The View From 1776

What a New New Deal Means For You

Socialism, the motivating ideology of Franklin Roosevelt’s New Deal, is the opposite of the political state envisioned in the Bill of Rights.  Socialism requires that your individual liberties be subordinated to the needs of the political state.

Posted by .(JavaScript must be enabled to view this email address) on 04/23 at 12:44 AM
  1. First, many in Christiandom, weren't acting like Christians and their abuses of workers and the rights of people led to their own downfall.

    It is true that the morality of the real Christian religion could be a uniting force but, nothing could overcome the abuse that led to the belief in a need for "something else." Since the people hurt the most are also the people who have not had the education in financial systems, how they are manipulated, the role of fraud in money supply policies by people not even in government, are who "man" the revolutions, it isn't surprising to see the rise of socialism which promises an impossible level of fairness.

    It is a sad fact that human nature, itself, not only leads a nation towards socialism but, is also what prevents it from being achievable in the long run.

    A hundred or two hundred years is not a long time in the life of a nation. Some say that even a short period of "fairness" is worth the efforts needed to bring socialism into power. But, why not shoot for a system that can last much longer. Why not have a system with checks and balances that not only prevent government abuse but the abuse of the majority of a socialist system that requires everyone working their hardest for the good of all instead of working only as much as needed to get state benefits?
    Posted by JanPBurr  on  04/23  at  01:53 AM
  2. Only a moving universe of opportunity plus choice enables
    the present reality.

    Each individual human being possesses a unique, highly
    developed, and sensitive perception of variety. Thus
    aware, man is endowed with a natural capability for enact-
    ing internal mental and external physical selectivity.
    Quantitative and qualitative choice-making thus lends
    itself as the superior basis of an active intelligence.

    Human is earth's Choicemaker. His title describes
    his definitive and typifying characteristic. Recall
    that his other features are but vehicles of experi-
    ence intent on the development of perceptive
    awareness and the following acts of decision and
    choice. Note that the products of man cannot define
    him for they are the fruit of the discerning choice-
    making process and include the cognition of self,
    the utility of experience, the development of value-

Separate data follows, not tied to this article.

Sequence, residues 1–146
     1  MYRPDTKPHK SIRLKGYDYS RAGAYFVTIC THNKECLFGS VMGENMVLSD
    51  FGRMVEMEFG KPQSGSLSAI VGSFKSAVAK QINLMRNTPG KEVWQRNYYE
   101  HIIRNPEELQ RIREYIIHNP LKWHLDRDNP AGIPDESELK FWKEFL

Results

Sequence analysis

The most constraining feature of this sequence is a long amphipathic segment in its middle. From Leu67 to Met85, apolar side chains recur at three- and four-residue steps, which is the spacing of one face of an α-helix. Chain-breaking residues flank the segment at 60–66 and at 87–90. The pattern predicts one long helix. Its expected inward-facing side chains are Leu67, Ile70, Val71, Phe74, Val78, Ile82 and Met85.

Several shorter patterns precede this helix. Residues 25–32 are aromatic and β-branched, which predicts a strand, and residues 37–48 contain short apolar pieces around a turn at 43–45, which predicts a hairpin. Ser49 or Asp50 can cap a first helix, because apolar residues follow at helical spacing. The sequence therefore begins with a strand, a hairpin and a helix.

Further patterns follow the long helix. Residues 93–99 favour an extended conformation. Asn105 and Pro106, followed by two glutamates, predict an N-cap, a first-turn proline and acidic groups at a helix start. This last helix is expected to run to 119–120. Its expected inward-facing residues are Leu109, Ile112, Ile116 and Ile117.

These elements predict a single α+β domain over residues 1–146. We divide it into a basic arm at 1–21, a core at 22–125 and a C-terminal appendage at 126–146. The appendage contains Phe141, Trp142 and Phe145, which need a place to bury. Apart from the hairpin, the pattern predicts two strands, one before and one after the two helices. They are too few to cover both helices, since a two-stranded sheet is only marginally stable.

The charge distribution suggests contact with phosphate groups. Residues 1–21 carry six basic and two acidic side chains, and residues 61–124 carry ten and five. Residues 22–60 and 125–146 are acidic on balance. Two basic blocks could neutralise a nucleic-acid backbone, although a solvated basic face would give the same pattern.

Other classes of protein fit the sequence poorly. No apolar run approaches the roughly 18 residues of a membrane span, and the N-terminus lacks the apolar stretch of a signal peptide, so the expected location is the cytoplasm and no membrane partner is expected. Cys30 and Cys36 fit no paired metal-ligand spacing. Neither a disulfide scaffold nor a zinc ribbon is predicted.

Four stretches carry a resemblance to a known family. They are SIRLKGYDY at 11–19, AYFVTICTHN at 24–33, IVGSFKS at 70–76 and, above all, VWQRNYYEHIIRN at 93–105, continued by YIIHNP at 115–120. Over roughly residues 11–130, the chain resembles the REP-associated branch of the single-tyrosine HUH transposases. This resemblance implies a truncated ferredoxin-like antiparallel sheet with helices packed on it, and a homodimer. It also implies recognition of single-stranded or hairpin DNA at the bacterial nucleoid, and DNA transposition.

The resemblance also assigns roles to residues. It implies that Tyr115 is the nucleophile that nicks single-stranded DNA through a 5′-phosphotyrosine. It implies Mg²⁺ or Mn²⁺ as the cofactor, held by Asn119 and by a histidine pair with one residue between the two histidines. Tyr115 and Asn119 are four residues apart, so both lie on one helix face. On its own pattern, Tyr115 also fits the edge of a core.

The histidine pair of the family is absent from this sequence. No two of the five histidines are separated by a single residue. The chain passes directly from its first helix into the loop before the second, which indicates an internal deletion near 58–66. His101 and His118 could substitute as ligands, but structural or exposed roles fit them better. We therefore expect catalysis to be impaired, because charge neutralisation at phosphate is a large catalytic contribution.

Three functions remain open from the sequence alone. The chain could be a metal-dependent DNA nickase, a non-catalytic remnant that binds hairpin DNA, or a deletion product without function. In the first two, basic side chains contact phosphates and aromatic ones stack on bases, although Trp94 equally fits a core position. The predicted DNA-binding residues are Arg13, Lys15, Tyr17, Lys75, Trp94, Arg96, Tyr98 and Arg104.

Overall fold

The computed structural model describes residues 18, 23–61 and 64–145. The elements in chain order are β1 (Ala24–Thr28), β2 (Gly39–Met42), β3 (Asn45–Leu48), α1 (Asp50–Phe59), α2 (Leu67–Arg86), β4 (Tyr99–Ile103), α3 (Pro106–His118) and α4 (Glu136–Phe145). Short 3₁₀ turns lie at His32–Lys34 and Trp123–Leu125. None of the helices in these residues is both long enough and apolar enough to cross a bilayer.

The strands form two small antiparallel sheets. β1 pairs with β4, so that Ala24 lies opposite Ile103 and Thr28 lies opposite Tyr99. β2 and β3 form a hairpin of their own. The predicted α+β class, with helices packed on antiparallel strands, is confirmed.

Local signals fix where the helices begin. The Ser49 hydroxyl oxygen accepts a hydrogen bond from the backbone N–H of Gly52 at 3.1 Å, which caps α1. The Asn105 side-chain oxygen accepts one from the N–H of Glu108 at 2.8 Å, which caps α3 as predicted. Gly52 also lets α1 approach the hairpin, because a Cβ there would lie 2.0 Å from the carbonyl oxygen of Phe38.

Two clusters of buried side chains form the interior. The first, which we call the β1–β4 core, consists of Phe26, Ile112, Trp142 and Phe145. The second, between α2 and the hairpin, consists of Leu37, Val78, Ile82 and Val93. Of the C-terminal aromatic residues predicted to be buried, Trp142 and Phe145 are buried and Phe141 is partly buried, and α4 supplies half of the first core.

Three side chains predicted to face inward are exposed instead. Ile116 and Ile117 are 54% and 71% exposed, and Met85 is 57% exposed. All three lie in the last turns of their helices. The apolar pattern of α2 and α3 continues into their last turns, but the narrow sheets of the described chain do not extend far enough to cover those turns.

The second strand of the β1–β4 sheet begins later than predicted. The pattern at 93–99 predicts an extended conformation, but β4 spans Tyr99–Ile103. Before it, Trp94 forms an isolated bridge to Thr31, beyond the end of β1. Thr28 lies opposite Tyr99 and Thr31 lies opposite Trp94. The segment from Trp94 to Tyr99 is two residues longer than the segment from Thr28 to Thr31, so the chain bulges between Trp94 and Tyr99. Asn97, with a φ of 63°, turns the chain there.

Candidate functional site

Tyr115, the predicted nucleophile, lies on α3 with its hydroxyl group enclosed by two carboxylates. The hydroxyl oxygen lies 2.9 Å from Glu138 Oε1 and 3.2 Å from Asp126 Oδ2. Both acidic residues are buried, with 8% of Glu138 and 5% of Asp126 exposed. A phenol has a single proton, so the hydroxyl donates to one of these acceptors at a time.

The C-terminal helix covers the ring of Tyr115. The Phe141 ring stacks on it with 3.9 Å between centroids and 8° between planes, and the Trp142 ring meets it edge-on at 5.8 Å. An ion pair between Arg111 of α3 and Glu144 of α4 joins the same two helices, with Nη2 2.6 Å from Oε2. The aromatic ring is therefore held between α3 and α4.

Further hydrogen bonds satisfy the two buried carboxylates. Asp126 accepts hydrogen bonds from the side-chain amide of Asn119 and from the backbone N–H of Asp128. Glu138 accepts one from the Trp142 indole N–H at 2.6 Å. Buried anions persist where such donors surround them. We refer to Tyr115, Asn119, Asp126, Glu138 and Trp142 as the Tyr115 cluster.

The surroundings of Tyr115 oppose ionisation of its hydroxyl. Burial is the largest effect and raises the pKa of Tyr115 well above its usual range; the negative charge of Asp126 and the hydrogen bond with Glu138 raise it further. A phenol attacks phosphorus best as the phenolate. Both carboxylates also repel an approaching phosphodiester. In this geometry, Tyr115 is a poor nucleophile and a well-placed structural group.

measuring systems and language, and the accultur-
    ation of civilization.

    The arts and the sciences of man, as with his habits,
    customs, and traditions, are the creative harvest of
    his perceptive and selective powers. Creativity, the
    creative process, is a choice-making process. His
    articles, constructs, and commodities, however
    marvelous to behold, deserve neither awe nor idol-
    atry, for man, not his contrivance, is earth's own
    highest expression of the creative process.

    Human is earth's Choicemaker. The sublime and
    significant act of choosing is, itself, the Archimedean
    fulcrum upon which man levers and redirects the
    forces of cause and effect to an elected level of qual-
    ity and diversity. Further, it orients him toward a
    natural environmental opportunity, freedom, and
    bestows earth's title, The Choicemaker, on his
    singular and plural brow.

    Deterministic systems, ideological symbols of abdication
    by man from his natural role as earth's Choicemaker,
    inevitably degenerate into collectivism; the negation of
    singularity, they become a conglomerate plural-based
    system of measuring human value. Blunting an awareness
    of diversity, blurring alternatives, and limiting the
    selective creative process, they are self-relegated to
    a passive and circular regression.

    Tampering with man's selective nature endangers his
    survival for it would render him impotent and obsolete
    by denying the tools of variety, individuality,
    perception, criteria, selectivity, and progress.
    Coercive attempts produce revulsion, for such acts
    are contrary to an indeterminate nature and nature's
    indeterminate off-spring, man the Choicemaker.

    Until the oppressors discover that wisdom only just
    begins with a respectful acknowledgment of The Creator,
    The Creation, and The Choicemaker, they will be ever
    learning but never coming to a knowledge of the truth.
    The rejection of Creator-initiated standards relegates
    the mind of man to its own primitive, empirical, and
    delimited devices. It is thus that the human intellect
    cannot ascend and function at any level higher than the
    criteria by which it perceives and measures values.

    Additionally, such rejection of transcendent criteria
    self-denies man the vision and foresight essential to
    decision-making for survival and progression. He is left,
    instead, with the redundant wreckage of expensive hind-
    sight, including human institutions characterized by
    averages, mediocrity, and regression.

    Humanism, mired in the circular and mundane egocentric
    predicament, is ill-equipped to produce transcendent
    criteria. Evidenced by those who do not perceive
    superiority and thus find themselves beset by the shifting
    winds of the carnal-ego; i.e., moods, feelings, desires,
    appetites, etc., the mind becomes subordinate: a mere